"Just listen!…" when I'm trying to talk with you about my headache since my boss has been being so mean to me!
When I hear this conventional wisdom given about what people, and especially women, want when they talk over a problem, I wince. Yet if a friend or lover can't "listen" in a helpful way in times of distress, the friendship and love can feel false.
Is "Just listen!" what a woman with a problem really wants from her friends or her man?
What do you want from a friend or relative when you try to tell them about a problem you are having? What do you want from your therapist?
You want help of some sort with finding a solution to the troubling situation. You just don't want someone telling you their solution and, even worse, insisting that you do it their way.
The following fun video, It's Not About the Nail (http://vimeo.com/66753575) illustrates delightfully the problem with the "Just listen!" advice. (Please click the link if the video is not showing up below.)
The advice “Just listen,” probably is meant as an antidote to the male tendency to want to Fix It. I do agree that when a woman, or anyone for that matter, wants to talk over their problem with you, sticking with silent head nods and non-verbal “Oh..’s” may be preferable to telling them what to do.
If it’s not the listener’s job to come up with a solution, is thnking of potential solutions ever helpful? Actually, yes. It's a question of timing.
First encourage the person with the problem to come up with soluton ideas Once someone has exhausted all his or her own ideas, you might want to suggest some possibilities. Even then though, keep your suggestions tentative.
Hypothetical suggestions work well: "I wonder what would happen if you....?"
Another option is to ask for a green light before moving forward with solution ideas. “I have some ideas for what you might do. How do you feel about my running them by you?”
Before generating any solution ideas at all though, there is a critical prior role that a listener can play. Instead of “Just listen.” try "Comment; then ask the next question."
Comment on what you’ve heard.
A comment on what the distressed person has just told you lets them know that you've heard what they said. It also conveys what you are doing with the information you have recieved, i.e., if you are agreeing with the data and therefore are on their side or if you are reacting in a stance that's critical and unempathic.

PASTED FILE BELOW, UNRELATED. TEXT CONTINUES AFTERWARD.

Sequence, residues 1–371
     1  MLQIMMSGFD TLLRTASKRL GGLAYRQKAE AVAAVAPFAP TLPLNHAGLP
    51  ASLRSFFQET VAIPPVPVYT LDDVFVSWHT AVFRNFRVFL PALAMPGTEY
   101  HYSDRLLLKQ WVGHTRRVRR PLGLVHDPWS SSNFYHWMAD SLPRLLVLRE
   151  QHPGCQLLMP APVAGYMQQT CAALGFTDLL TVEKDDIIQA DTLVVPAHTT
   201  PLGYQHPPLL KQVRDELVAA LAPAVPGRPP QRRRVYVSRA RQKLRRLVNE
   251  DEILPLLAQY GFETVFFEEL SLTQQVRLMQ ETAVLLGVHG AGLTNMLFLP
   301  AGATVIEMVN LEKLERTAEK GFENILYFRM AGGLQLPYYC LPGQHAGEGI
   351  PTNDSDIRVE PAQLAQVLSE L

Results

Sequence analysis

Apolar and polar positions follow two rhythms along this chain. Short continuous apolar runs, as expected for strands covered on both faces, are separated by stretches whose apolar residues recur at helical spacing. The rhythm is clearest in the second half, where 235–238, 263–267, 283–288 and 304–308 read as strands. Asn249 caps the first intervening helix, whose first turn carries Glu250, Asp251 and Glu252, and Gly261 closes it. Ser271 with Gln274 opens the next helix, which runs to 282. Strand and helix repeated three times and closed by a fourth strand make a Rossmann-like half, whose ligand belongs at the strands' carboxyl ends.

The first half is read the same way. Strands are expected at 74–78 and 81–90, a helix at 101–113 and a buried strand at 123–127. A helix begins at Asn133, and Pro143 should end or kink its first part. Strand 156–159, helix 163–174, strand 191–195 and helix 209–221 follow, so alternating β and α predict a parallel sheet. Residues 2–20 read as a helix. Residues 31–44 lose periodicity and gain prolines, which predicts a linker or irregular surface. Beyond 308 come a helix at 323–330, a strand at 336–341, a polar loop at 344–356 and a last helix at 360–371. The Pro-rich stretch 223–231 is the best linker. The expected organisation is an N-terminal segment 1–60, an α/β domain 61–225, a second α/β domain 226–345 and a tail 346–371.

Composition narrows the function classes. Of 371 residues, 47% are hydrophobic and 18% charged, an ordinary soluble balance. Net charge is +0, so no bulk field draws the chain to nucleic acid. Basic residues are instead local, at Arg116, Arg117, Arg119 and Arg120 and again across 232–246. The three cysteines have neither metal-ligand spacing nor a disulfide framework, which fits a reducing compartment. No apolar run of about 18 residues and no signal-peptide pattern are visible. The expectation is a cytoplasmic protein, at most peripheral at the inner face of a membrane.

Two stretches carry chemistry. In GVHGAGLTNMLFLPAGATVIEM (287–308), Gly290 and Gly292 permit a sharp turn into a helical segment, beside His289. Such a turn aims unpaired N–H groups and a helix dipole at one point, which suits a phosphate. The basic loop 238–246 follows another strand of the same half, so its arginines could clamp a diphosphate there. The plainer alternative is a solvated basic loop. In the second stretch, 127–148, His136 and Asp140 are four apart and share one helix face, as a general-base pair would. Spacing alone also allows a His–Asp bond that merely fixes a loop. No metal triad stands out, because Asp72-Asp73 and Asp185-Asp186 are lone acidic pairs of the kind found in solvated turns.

Here's some good sentence starters for commenting on what you’ve heard, sentence starters that clearly signal agreement and/or empathy:
“Yes, headaches at work can feel quite incapacitating ….”
“I agree that a boss who's that intrusive could give anyone a headache…”
“Oh, how frustrating that must have been!”
"Sounds like a similar kind of situation that often comes up in my office where...." In this case though, keep the description of your situation short and be sure to return to the problem at hand. Beware lest you do a narcissistic all-about-me twist in topic, shifting the spotlight and topic of discussion to you and your experience.
After commenting on what you've heard, here comes the really helpful part. Ask a good next question.
Ask a good next question.
Good questions generally begin with How or What. “What did you do next?” “What do you think may be causing your headaches?” “What have you tried so far to deal with them?” "How has your doctor responded to them?
How and what are open-ended question words, as opposed to "Are you...?," "Did you...," which invite one-word, yes or no, answers.
Be especially sure to avoid “Didn’t you …” or “Aren’t you..” The little n't adds a negative cast to the discussion, making you come across as critical.
Open-ended How and What questions have a positive impact on the person with the problem in multiple ways.
First, both comments and quesitons show that a listener is tracking with what the speaker has been saying., Everyone wants to feel that they are talking with someone who is genuinely listening to them, genuinely interested in their narrative and in being supportive in their time of distress.
Second, how and what questions facilitate forward flow in the thinking of a person with a problem. They help the person with the problem to discover and explore further aspects of the situation. More information increases the likelihood that a new idea for solution will spring forth.
Third, once these questions have led to discovery of further relevant data, they can morph from questions exploring the data in the situation to questions about potential solutions. “So what are your thoughts about what might help?”
In fact, having a boyfriend, girlfriend or spouse, or for that matter a mom, dad, sibling, good friend, or therapist, is a great blessing in times of difficulty. When one of these folks in your support system asks good questions, wow. That’s the best. Sure beats "Just listen."
Denver clinical psychologist and marriage counselor Susan Heitler, PhD is author of the book, workbook and interactive website called Power Of Two that teach the communication and conflict resolution skills for relationship and marriage success.
Susan Heitler, Ph.D., is the author of many books, including From Conflict to Resolution and The Power of Two. She is a graduate of Harvard University and New York University.